There is a claim that infants gain immunoprotection from breastfeeding. I am especially interested in specific protection against pathogens the breastfeeder (not necessarily the mother) has been vaccinated against intramuscularly.

While I know, that IgA and IgM may be present in breast milk and provide passive protection against foodborne pathogens, it is unclear to me, whether there would be any synthesis (and transport to breast milk) of those antibodies without contact between the pathogen and a mucosal membrane of the breastfeeder. Answer to my previous question suggest that there would be no IgA production as signals received by B-cells in a muscle will lead mostly to IgG synthesis.

I am not asking about the transplacental transport of IgG, only about breastfeeding.


1 Answer 1


Vaccinating the mother or a breastfeeder to provide immunization for the baby through breastfeeding is not proven nor recommended by health authorities.

If a mother is vaccinated intramuscularly or any other route, it will anyway pass IgA and IgM, and to a much lesser extent IgG antibodies to the baby through breastmilk but it is not proven to confer specific immunity against all pathogens.

And as per your other question, a child from a mother who hasn't had any infection/vaccination with Hepatitis A and hasn't passed any IgG through the placenta will not be conferred immunity against Hepatitis A even if it is breastfed from a woman who had the infection or was vaccinated against Hepatitis A.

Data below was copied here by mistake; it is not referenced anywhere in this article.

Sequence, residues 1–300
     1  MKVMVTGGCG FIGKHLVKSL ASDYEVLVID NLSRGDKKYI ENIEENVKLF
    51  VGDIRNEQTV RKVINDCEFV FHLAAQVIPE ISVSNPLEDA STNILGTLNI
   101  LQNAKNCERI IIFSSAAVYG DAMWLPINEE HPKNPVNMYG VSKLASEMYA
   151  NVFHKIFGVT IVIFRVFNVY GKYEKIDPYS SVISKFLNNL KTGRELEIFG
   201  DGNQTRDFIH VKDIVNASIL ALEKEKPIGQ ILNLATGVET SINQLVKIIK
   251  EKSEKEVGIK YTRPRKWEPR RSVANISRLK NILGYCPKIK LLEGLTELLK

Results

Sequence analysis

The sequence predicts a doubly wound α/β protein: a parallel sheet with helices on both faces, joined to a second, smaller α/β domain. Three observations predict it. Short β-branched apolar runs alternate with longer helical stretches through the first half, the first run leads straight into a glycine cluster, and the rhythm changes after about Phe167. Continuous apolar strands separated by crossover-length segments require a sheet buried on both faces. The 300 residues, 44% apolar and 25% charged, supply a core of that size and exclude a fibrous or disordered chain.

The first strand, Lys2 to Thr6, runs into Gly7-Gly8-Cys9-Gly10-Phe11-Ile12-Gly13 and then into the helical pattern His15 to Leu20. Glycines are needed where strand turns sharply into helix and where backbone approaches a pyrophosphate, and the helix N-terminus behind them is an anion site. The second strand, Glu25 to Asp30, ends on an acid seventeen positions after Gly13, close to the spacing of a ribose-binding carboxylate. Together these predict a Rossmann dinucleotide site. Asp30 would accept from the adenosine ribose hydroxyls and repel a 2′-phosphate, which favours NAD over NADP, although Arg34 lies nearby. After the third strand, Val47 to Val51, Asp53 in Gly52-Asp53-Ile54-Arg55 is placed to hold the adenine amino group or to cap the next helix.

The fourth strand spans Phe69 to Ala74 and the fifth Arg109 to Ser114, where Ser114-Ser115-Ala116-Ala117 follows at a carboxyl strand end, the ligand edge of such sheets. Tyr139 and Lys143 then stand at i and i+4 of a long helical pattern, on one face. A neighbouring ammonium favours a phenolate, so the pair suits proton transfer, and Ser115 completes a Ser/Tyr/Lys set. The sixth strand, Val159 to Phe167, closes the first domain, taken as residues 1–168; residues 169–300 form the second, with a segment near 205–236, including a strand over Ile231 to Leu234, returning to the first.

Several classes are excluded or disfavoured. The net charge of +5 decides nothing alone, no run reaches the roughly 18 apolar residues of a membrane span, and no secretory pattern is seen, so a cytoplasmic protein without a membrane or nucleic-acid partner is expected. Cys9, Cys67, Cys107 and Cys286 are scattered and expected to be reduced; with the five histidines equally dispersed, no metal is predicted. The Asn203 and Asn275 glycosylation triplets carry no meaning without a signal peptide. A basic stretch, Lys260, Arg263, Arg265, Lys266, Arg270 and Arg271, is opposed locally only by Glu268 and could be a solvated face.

There are other ways a mother's breastmilk can induce immunity (cell immunity) this is currently under research and it has been proven to confer immunity in animal models in recent studies but is still not a medical recommendation in humans (studies in pups regarding passing immunity through foster breastmilk for candida albicans , tuberculosis and helminth infections).

What is already proven is that breasfeeding and vaccination of the baby does provide with a more robust vaccination response so that is why breastfeeding and vaccination to the baby at the same time are encouraged.

Maternal Milk T Cells Drive Development of Transgenerational Th1 Immunity in Offspring Thymus

Pre-conception maternal helminth infection transfers via nursing long-lasting cellular immunity against helminths to offspring

  • $\begingroup$ May you point me to the source of the claim that intramuscular immunization leads to transport of specific IgA/IgM to breastmilk? The answer I linked in the question suggests there is no synthesis of specific IgA. $\endgroup$
    – abukaj
    Commented Jun 30, 2020 at 13:30

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